The global Media, Sport and Entertainment (MSE) sector faces a broad spectrum of sustainability and environmental, social, and corporate governance (ESG) challenges. Key sustainability issues across the sector include data privacy, diversity and inclusion, equality, anti-discrimination, competition, and fraud and corruption. Social and governance issues are particularly prevalent in the sector, although, increasingly, attention is turning to environmental issues, such as high energy use, waste, and climate change concerns.
Having advised a range of MSE clients, among them the world’s largest football league, top-tier professional sports franchises, leading global media outlets, premier advertising agencies and major Hollywood studios, we understand the sector is complex and multi-faceted, operating across multiple jurisdictions and responding to an array of different stakeholders. We have seen that businesses that respond to sustainability issues in a reactive, siloed manner may risk their market position, profit, access to capital and brand value.
We take a holistic approach to these complexities. We begin with our extensive experience advising clients on such issues as intellectual property protection, finance, corporate governance, regulatory compliance, media rights, antitrust and competition law, and disputes and crisis management. Our team combines this in-depth legal experience across the MSE sector with wider experience on cross-cutting ESG issues to offer our clients integrated, comprehensive advice whatever their circumstances – whether developing a sustainability strategy or managing disputes and crises.
Leaders in the transition to a sustainable future face not only risks and challenges but ample opportunities for growth. Our team strives to work with our clients to manage the risks and harness the opportunities in this transition.
Media, broadcasting and film
Media, broadcasting and film companies face systemic risks associated with customer engagement, data security and the right to privacy. Content regulation has moved beyond mere compliance; consumers have become social media activists and companies are judged for media bias, prejudice and discriminatory content. For example, film and content companies are exposed to key person risk and are highly vulnerable to social controversies which may result in program changes and cancellations. While social factors predominate, film studios and broadcasters today are also facing pressures to address environmental concerns – to limit emissions and ensure energy efficiency and to manage waste in high-budget productions.
For the publishing industry, the changing nature of its relationship with the consumer in the digital era has uncovered new sustainability challenges. Companies need to respond to customer concerns, particularly on data privacy and security, as well as regulatory concerns on anti-competitive practices and content regulation. Compliance in one area is often not enough to meet stakeholder expectations: for example, social movements are raising pressure on publishers to be accountable for content.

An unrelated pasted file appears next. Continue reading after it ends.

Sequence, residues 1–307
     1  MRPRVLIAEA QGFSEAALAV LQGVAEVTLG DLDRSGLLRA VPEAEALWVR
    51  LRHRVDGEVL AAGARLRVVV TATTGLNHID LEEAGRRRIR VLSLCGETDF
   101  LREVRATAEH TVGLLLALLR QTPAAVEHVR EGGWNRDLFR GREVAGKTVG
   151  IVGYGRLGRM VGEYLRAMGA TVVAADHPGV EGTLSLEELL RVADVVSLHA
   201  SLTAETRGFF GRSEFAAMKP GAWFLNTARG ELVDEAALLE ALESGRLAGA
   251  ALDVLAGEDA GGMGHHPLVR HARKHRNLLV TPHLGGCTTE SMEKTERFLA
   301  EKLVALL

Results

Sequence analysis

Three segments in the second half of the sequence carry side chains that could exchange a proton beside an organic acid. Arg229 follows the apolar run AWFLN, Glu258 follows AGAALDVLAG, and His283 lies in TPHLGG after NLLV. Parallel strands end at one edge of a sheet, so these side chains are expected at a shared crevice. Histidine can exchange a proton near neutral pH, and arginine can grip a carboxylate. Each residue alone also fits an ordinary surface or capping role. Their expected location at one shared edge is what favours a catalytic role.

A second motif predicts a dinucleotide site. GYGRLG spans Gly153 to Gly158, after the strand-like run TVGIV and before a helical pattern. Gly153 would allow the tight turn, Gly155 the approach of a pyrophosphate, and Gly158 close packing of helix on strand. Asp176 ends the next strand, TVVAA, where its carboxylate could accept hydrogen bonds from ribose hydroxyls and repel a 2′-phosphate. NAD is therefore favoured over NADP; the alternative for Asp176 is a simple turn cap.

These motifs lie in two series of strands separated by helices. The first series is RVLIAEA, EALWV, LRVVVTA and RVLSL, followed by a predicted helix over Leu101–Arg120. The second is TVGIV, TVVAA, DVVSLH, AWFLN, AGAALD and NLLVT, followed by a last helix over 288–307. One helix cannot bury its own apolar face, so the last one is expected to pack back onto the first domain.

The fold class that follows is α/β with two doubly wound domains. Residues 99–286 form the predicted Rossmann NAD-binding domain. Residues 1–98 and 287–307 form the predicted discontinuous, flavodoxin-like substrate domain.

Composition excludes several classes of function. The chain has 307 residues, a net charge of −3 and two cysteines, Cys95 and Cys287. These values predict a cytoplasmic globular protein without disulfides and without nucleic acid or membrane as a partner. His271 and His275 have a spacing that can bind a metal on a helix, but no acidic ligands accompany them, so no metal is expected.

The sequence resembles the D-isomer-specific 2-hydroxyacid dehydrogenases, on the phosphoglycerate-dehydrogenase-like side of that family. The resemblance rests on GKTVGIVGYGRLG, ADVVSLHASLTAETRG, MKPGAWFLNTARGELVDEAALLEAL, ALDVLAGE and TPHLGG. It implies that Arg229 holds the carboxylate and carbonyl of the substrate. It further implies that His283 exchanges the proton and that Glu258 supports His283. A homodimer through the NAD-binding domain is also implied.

The shift to a greater emphasis on sustainability and ESG issues is particularly noticeable in the advertising sector, where brands are increasingly making claims about their products’ sustainability credentials and are also giving greater precedence to ethical issues in ad placement. Given the increased importance of sustainability issues to consumers, advertising regulators are more closely focusing on such matters. This means that compliance with advertising regulation around issues such as environmental ad claims, charity partnerships, and social cause-linked marketing campaigns is more important than ever before, for both advertisers and agencies.
Sports teams and leagues
The focus in sports has largely been on the social aspects of ESG, including anti-discrimination, equality and diversity and inclusion, as well as the governance aspects, such as fraud and corruption. Sports teams and leagues that have failed to meet stakeholder expectations – for example, with respect to racial inequities and sexual harassment – have faced social and stakeholder, including sponsor, backlash. In addition, stadiums are now routinely evaluated on environmental performance, including emissions, energy efficiency and waste management.
International events involve a range of sustainability considerations, from regulation of emissions, energy use and waste management to supply chain management, employment rights, and jurisdictional risks in each host country. The coronavirus disease 2019 (COVID-19) pandemic, which swiftly led to the cancellation or postponement of competitions and performances on every level around the world, has shown how such large-scale events can be particularly vulnerable to social and environmental factors. Planning for events such as international sport competitions will continue to be challenging in the new normal.